In addition to running these onsite programs, we work<br />

with our partners to select a number of wearers to trial<br />

new designs before it is rolled out, so we can get unfiltered<br />

feedback from the source; do you feel the uniform design<br />

takes into consideration your modesty needs? When<br />

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Those facing the front line should be confident the clothing<br />

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To Serve and Protect<br />

Bringing diversity to Australia’s emergency services<br />


Australia has an estimated 250,000<br />

emergency service volunteers. They<br />

are vital to the country’s capability<br />

to respond to emergencies and disasters.<br />

However, their contribution is under<br />

threat.<br />

Australia’s volunteer workforce is<br />

shrinking.<br />

Both the number of people involved in<br />

formal volunteering and the number of<br />

hours individuals are dedicating to these<br />

roles have declined in recent years. Time<br />

pressures on families and increasing work<br />

commitments are playing a role, along<br />

with growing individualism and a decline<br />

in altruistic values, according to some. For<br />

emergency service organisations that rely<br />

on volunteers, this is a worrying trend.<br />

These concerns have led to much strategic<br />

thinking about how to boost volunteer<br />

numbers. Emergency service volunteer<br />

ranks have traditionally been filled by<br />

“able-bodied, Anglo-Celtic, heterosexual<br />

men,” with little representation from<br />

Indigenous, culturally diverse or LGBTI<br />

groups. Female volunteer numbers have<br />

also been low, due to perceptions of an<br />

‘old boys’ or ‘military’ culture in emergency<br />

service organisations. Yet these<br />

organisations are coming to see that to<br />

remain viable and, as some would argue,<br />

to operate effectively in their communities,<br />

they will need to attract and retain a more<br />

diversified volunteer pool.<br />

The essay “ To Serve and Protect; Bringing<br />

Diversity to Australia’s Emergency Services”<br />

written by Trish Prentice tells the stories<br />

of volunteers from diverse cultural and<br />

religious backgrounds who have joined the<br />

emergency service volunteer ranks.<br />

It describes why they joined, what<br />

they have gained from the experience<br />

(and the challenges), and how their<br />

organisations and the broader community<br />

have benefited from their service. While<br />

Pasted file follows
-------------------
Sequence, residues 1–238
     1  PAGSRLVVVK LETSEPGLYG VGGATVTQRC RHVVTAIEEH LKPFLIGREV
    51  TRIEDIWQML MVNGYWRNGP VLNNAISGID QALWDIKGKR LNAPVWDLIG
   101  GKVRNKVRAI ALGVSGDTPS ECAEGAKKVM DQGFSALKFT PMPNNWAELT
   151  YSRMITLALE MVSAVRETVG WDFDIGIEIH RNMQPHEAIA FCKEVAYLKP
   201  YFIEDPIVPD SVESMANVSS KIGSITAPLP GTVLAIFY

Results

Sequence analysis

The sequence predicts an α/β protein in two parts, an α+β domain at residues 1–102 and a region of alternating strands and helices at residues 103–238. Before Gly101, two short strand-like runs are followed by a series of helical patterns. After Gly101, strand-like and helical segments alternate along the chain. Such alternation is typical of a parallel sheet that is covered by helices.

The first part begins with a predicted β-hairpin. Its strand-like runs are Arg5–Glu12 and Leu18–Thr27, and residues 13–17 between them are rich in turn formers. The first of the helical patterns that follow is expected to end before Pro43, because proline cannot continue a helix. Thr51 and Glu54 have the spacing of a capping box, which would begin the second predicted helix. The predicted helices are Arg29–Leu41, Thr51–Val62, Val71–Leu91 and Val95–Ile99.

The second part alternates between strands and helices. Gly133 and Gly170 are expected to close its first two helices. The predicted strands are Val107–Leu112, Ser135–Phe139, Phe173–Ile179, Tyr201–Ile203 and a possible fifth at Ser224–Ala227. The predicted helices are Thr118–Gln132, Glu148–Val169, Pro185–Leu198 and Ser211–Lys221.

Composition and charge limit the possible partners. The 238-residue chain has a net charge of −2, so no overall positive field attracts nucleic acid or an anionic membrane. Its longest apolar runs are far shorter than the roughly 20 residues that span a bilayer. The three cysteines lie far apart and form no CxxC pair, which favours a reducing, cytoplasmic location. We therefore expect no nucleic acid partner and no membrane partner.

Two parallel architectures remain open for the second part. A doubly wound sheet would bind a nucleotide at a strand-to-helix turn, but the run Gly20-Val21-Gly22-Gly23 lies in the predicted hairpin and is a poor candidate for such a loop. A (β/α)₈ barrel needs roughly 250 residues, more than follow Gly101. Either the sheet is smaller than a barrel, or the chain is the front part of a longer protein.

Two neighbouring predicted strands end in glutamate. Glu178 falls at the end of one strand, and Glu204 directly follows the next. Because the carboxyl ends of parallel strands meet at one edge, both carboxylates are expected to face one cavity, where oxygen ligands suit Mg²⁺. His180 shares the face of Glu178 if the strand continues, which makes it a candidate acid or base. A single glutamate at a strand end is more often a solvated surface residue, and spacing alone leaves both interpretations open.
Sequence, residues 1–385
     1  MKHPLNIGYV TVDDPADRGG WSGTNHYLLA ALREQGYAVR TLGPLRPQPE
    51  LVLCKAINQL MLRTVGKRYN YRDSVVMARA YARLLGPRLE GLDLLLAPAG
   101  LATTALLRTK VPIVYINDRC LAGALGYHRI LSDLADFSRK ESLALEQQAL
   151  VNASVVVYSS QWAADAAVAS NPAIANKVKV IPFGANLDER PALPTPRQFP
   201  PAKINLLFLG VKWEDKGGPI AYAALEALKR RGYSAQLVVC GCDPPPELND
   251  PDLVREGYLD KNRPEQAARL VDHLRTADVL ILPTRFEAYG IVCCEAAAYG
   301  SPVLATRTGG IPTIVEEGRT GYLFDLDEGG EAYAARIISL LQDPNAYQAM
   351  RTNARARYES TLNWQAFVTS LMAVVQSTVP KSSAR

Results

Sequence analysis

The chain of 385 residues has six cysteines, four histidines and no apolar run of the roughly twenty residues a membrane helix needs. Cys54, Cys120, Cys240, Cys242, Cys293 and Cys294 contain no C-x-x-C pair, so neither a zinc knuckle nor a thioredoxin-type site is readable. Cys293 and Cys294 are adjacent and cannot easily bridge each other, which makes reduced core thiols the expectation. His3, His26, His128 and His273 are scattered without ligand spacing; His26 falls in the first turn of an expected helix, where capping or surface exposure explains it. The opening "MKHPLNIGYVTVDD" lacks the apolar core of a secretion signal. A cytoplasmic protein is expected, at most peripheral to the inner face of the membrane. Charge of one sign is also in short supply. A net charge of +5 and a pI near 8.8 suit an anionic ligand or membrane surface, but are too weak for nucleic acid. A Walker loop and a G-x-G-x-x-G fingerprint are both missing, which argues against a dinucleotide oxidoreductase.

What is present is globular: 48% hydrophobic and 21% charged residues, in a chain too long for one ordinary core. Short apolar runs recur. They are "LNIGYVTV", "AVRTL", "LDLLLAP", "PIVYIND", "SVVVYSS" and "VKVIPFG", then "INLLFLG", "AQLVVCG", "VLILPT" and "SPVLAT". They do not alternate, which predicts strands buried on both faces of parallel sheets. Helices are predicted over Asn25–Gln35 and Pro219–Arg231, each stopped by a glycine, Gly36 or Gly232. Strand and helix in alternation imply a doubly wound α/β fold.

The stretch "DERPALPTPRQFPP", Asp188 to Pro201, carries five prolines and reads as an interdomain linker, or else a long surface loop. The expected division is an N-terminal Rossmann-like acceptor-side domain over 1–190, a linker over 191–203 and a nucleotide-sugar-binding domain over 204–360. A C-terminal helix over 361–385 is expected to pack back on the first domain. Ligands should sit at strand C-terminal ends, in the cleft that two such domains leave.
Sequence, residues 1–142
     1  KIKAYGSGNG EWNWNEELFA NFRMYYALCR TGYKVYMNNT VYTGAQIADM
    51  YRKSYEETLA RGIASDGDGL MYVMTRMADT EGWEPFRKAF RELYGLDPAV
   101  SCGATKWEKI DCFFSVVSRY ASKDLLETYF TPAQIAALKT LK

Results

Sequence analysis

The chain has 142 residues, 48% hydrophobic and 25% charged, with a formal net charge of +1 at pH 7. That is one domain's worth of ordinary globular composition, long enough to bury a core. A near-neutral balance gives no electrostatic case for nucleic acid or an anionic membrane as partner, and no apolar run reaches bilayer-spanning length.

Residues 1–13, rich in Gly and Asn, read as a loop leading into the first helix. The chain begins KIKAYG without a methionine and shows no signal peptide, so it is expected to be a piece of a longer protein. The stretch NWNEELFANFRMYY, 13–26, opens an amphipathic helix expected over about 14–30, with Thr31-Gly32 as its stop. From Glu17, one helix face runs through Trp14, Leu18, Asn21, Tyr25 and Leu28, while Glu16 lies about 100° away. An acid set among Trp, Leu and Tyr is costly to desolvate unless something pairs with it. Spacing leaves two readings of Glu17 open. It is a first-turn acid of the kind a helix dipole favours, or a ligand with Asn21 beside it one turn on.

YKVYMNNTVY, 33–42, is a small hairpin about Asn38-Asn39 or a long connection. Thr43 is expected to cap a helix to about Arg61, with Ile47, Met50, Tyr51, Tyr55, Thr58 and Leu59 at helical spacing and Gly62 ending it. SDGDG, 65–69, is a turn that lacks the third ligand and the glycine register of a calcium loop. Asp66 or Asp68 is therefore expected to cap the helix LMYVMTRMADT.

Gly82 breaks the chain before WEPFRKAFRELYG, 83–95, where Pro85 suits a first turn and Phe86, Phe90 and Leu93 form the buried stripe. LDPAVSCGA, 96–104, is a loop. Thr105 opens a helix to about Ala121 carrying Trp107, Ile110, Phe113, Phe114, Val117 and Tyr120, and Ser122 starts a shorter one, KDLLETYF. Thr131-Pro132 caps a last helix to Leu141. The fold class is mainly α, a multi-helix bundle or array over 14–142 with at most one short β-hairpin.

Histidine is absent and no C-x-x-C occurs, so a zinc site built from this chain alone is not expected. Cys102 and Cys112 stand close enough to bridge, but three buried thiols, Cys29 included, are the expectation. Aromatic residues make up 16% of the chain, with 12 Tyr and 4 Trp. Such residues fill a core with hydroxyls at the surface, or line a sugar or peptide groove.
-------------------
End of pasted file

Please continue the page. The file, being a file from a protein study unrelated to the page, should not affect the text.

numbers of volunteers from diverse<br />

backgrounds are still small these<br />

individuals are paving the way for broader<br />

institutional change.<br />

This article is an extract from the original<br />

essay. We have included two volunteer<br />

stories however there are many more.<br />

To read the entire essay visit:<br />

https://scanloninstitute.org.au/publication/<br />


Ahmad (Country Fire Authority)<br />

Outside his local halal kebab<br />

shop, Ahmad saw a poster<br />

seeking CFA recruits. He’d<br />

come to Australia from Sri<br />

Lanka as an international<br />

student and was keen to make<br />

‘Australian’ friends, to learn<br />

more about the culture and to<br />

feel more integrated. Being<br />

part of the CFA looked like<br />

fun. The recruitment poster<br />

featured refugees and showed<br />

that anyone was welcome to<br />

join, so in 2017 he signed up.<br />

“I was attracted to the<br />

adrenaline, the lights and<br />

sirens,” he says. “We don’t<br />

have anything like this back<br />

home. I wanted to put back<br />

into the community.”<br />

Four years later, as a member<br />

of the Narre Warren CFA<br />

brigade, Ahmad tries to go to<br />

as many callouts as possible<br />

outside his work hours. The<br />

brigade attends house and<br />

industrial fires, car accidents<br />

and other types of rescues.<br />

Ahmad has fought a number<br />

of bushfires. The 2019<br />

Gippsland fires was a time<br />

he’ll never forget:<br />

I was deployed for five days to<br />

East Gippsland. It was different.<br />

It was scary. We were all anxious<br />

but also ready and prepared<br />

to fight the fire and help the<br />

community. Everyone got<br />

together. There were donations<br />

of food for the firefighters. Local<br />

businesses provided free food.<br />

Everyone helped each other. As<br />

much as that time was difficult<br />